The climb out of the real estate depression will be a long, slow one for all but one market sector, according to the annual Emerging Trends outlook.
The multifamily sector gains high marks in the 33rd edition of the report, which is one of the most highly regarded industry outlooks. “Everybody loves apartments,” said author Jonathan Miller. “The rest of the landscape is underwater.”
The report finds investors concentrating on just a handful of “wealth islands,” notably diversified, 24-hour gateways located along global trade routes. “Otherwise,” it says, “capital generally avoids the surrounding sea of mostly commodity real estate.”
But even in such places as New York City, Washington, D.C., San Francisco, and other “safe-bet” markets “where the nation does most of its business and the affluent settle,” the report warns of a “slow-going grind” because of stubbornly high unemployment that results in delays filling office space and a lack of consumer spending that is a drag on retail and industrial space.
The survey is based on the opinions of 950 investors, developers, lenders, consultants, and property company representatives. About 250 were interviewed face to face during the late summer to early fall, while the rest completed online surveys.
Miller, an independent consultant who has written the Emerging Trends report for more than 20 years, told reporters at ULI’s 2011 Fall Meeting in Los Angeles that “next year is not going to be as strong as our industry would like.” While there is plenty of capital flying around, he said, the lack of fundamentals is keeping it from landing.”
“It’s a real estate market with too many dollars for too few opportunities,” one respondent told the surveyors.
Interviewees mentioned a half dozen concerns that still weigh heavily on real estate, especially on the demand side. Perhaps first and foremost among these “anchors” is the continued loss of American jobs to workers in other countries. And a close second is improved productivity, which may help companies fatten their bottom lines but at the same time leads to reductions in hiring and therefore a decease in demand for space.
“Real estate needs jobs to recover,” commented Stephen Blank, ULI’s senior resident fellow for real estate finance.
Respondents also voiced their concerns about growth in both personal and government debt loads, demographic realities that could put a strain on primary wage earners, the construction slowdown, the global financial morass, and the recalibration of the financial sector.
Emerging Trends’ real estate barometer, which Blank called the report’s “most telling graphic,” has closed the buy-sell gap substantially since the 2010 survey. But it still has not reached equilibrium.
Nevertheless, the 82-page study offers some best investor bets for next year. One, of course, is multifamily. “Everybody goes gaga” for apartments, said Blank.
The report says developers who start early “almost cannot miss.” And while an oversupply of apartments will eventually become an issue, a comfortable “two- to three-year” window remains wide open, especially with what one respondent called “stone cheap” financing available from not just Fannie Mae and Freddie Mac, but also insurance companies.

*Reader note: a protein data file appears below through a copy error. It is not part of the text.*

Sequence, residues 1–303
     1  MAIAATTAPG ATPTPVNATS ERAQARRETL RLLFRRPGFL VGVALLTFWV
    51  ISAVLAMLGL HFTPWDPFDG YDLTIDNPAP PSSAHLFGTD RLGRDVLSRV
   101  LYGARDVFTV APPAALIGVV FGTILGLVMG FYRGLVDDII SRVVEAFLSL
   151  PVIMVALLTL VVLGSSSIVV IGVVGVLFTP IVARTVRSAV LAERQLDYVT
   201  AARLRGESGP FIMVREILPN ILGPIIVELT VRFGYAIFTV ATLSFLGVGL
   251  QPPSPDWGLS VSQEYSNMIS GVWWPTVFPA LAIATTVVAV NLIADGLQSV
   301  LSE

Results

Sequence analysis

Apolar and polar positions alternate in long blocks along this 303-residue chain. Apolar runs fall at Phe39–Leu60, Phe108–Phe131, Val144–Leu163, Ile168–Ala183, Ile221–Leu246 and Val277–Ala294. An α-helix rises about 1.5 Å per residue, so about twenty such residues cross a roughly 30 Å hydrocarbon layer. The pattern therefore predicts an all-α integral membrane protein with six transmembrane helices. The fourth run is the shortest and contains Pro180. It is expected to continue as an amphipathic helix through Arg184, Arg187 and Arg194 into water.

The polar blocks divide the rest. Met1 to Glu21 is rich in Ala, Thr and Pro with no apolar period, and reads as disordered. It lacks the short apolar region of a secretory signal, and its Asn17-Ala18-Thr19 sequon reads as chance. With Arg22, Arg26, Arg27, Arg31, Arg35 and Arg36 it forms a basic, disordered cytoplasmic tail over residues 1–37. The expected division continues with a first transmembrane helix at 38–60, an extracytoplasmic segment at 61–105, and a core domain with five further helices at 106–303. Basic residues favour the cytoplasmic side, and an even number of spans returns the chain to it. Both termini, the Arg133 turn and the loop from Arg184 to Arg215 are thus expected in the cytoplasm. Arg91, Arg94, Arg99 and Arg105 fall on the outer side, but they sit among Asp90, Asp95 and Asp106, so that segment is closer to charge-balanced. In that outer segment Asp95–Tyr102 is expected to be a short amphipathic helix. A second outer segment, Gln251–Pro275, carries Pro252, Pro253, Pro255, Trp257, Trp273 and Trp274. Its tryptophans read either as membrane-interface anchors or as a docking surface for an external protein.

Another best bet is the so-called Blue Chip gateways. While each of these 24-hour markets has its own set of issues, the report says, they will dependably outperform because they lie along important global commercial routes and attract money from throughout the world.
Job centers where true employment growth actually occurs—particularly those that are heavily based on energy-, high tech–, and health care–related business as well as universities and government—also are seen as strong places in which to invest. Other good plays include nabbing single-family lots for pennies on the dollar, finding jewels in distressed debt, adding value to neglected Class B properties in good infill markets, and locking in long-term debt at today’s rock-bottom rates.
Despite the rather gloomy outlook for 2012, the report found that only one of the 51 markets surveyed failed to improve its investment score compared to last year’s report. And that was Washington, D.C., which still is the survey’s number-one choice for not just investment but also development and homebuilding.
Over Emerging Trends’ decades-long life span, no other market has performed better during a recession than the nation’s capital, which has a diversified job base that reaches well beyond government, associations, attorneys, and accountants into the technology, communication, and biomedical fields.
Coming as somewhat of a surprise, Austin slipped into the second spot on the list of top markets. Although the Texas capital is hardly considered a pathway city, it features most of the other ingredients needed for a local economy to prosper during the current economic malaise. Besides the buffer provided by the presence of state government offices, the city benefits from a huge academic environment that supports the University of Texas campus and serves as an incubator for burgeoning tech companies and other high-paying businesses.
Rounding out the top ten markets were the following: San Francisco, New York City, Boston, Seattle, San Jose, Houston, Los Angeles, and San Diego. All fit the definition as a 24-hour gateway market. And all rank high on the survey’s first-ever walkability score, which ranks markets on a scale of zero for total automobile dependence to 100 as a “walker’s paradise.”